I like seeing the similiarities between languages. Here, it's interesting to me that the Portugese 'milk' is spelt similarly to the French (lait) and sounds to me like the Spanish pronunciation (leche), as best I know it.
tl;dr We say either /laytch/ or /lay-tea/ Sadly, as a native Brazilian Portuguese speaker, I must say the pronunciation here is slightly wrong. We don't pronunciate the last 'e' in 'leite'. Actually we never pronunciate the 'e' in the end of a word (only if it is 'ê' or 'é'). We will say /laytch/. Some regional accents pronunciate this last e, but when doing that, they DON'T pronunciate 't' as in 'catch' but as in 'tea'. Duolingo did a frankenstein word, pronunciating /lay-tchea/
An interesting coincidence you should mention that! I've been working on Romanian a bit lately, using the English for Romanian speakers course. I hadn't known any of it back when I wrote the comment above. Using the course "backwards" actually works surprisingly well; certainly better than waiting until 2020 for the estimated release of the actual Romanian for English speakers course.
It "kinda" emphasizes the sound, makes the syllable stronger (not stronger in the way of tonic syllable, just a stronger sound). Not much to be really different.
I think tu should be used instead of você, there's no way people are gonna learn the 2nd person of singular using você.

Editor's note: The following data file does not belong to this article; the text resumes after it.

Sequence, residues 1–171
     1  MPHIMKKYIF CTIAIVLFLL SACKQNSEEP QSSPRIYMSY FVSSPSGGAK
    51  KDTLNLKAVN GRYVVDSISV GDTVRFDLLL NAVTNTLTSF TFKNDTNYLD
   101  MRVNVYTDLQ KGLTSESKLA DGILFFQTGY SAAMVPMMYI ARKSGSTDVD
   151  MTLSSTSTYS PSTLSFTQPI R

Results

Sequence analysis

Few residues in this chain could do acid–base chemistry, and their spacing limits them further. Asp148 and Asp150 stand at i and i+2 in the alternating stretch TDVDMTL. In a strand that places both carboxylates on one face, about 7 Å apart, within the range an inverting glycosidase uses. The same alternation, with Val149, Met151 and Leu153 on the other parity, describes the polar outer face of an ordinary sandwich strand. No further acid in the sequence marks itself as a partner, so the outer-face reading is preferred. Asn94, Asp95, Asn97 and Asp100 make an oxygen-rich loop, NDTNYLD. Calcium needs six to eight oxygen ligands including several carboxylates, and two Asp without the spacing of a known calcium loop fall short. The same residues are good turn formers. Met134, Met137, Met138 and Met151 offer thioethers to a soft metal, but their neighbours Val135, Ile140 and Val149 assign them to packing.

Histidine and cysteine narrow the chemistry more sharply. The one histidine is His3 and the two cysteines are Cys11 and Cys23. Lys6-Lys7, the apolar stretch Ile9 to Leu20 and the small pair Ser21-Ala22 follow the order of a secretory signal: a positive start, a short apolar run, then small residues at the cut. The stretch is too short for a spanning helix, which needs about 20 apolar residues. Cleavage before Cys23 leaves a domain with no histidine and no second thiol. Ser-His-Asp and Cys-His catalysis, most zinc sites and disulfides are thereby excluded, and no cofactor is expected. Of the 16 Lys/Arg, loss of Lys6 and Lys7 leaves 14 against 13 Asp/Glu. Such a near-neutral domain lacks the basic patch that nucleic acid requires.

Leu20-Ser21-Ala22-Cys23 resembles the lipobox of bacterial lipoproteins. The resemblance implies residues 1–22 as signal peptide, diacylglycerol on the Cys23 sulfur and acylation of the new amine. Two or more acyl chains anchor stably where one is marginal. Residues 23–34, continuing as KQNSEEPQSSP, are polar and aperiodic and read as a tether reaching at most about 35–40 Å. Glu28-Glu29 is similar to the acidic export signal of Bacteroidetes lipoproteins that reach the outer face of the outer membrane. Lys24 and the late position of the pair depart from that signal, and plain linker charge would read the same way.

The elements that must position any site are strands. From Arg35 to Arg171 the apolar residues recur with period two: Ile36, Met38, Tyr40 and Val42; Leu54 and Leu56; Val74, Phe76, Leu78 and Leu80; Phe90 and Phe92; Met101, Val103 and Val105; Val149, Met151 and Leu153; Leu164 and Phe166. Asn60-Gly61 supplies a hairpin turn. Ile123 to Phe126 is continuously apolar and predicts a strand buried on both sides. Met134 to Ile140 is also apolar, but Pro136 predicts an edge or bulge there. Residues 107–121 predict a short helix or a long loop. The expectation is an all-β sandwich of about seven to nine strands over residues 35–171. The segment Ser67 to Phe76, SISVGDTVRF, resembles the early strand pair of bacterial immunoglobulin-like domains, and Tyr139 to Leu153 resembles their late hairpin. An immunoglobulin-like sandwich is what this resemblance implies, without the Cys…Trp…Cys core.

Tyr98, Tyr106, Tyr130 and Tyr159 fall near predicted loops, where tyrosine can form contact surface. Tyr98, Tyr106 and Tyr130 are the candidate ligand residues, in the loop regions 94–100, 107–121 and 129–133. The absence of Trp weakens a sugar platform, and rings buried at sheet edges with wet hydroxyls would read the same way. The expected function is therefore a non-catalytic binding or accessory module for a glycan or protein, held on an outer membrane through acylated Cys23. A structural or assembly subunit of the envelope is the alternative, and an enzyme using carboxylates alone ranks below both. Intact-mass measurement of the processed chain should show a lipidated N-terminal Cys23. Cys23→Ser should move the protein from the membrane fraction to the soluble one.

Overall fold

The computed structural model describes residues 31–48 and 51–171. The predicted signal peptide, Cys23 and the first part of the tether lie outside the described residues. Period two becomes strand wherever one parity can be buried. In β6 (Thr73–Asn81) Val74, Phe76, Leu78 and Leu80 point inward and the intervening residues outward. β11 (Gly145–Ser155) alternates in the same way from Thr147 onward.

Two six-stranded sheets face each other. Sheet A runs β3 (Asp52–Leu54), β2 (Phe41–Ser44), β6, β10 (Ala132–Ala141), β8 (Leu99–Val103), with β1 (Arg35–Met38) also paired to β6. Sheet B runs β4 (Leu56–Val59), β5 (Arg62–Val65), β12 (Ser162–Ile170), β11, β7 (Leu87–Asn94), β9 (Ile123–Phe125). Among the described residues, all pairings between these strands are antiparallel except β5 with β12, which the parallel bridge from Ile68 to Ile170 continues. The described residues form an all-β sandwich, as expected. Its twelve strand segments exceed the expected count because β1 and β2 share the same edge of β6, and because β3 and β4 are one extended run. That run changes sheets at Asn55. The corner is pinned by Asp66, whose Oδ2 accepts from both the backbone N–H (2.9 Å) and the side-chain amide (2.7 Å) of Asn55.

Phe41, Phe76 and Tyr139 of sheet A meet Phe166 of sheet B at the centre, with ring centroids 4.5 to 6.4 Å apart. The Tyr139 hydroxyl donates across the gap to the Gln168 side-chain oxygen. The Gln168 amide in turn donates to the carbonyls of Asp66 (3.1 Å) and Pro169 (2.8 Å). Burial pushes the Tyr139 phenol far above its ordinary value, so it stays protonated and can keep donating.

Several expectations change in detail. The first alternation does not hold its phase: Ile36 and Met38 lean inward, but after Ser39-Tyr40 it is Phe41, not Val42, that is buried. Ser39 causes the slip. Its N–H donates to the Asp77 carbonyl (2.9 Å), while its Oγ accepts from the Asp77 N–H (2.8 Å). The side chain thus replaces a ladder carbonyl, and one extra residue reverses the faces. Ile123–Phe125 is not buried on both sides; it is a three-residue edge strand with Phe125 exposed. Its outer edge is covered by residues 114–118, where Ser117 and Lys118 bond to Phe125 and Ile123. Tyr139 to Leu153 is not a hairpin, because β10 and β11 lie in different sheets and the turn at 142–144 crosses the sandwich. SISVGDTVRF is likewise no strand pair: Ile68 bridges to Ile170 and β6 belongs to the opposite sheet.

But in Brazil você is much morr used than tu. Then, você must be taught instead of tu.
hmmm, no... it doesn't matter if you use "tu" or "você". If it was "tu" in this sentence, the correct writing of the verb would be "tu bebeS leite". I think conjugation of "tu" is a bit more confusing.
In Brazil, the treatment pronoum "você" has become more used than "tu", although the correct second person is "tu". When you use "você", the verb changes to the third person, just like all treatment pronoums.
so if "você" changed to the third person (você bebe) how do I say "you drink" using "tu" ?
For "Você" you use grammar 3rd person rules but is the 2nd person in speech. "tu" is the grammar 2nd person and 2nd also in speech. You should conjugate "tu" using 2nd person grammar rules, so you drink is "tu bebes"
You know I love you in formal portuguese: Você sabe que eu a amo. If you use tu: Tu sabes que te amo. Informal portuguese mixes 2.nd and 3rd persons : Você sabe que te amo. At some places: Tu sabe que te amo./ Cê sabi qui ti amo/ Cê sabi qui amo ocê. ( Na língua padrão, adota-se o VOCÊ - na tv, na escola, nos jornais, revistas etc. - at the standard language, we use VOCÊ - tv, school, papers, magazines etc.)
Você is the formal personal pronoum of tu like in spanish: Usted is the formal way to refer tu in french is vous and in german is "Sie" the formal way to refer "du"
I can not be 100% sure but it is most likely like German "Sie" & "Du". Sie - if the relationship is formal e.g. bank manager. Du - when you know the person very well e.g. your sister.
The pronunciation of the "t" in "leite" depends on the zone of Brazil you are. It have a lots of variants. In Rio, the "cariocas", pronunce the "t" like "shhh". Actually the firt syllabe , "lei" has a lots of variants. And this works to European Portuguese, too.
Você is singular - Mary, you drink milk.- Maria, você bebe .. Vocês is plural - Mary, John, you drink - ...vocês bebem...
Never use a ç before i and e! I am posting a mini lesson in the Basics discussion. =]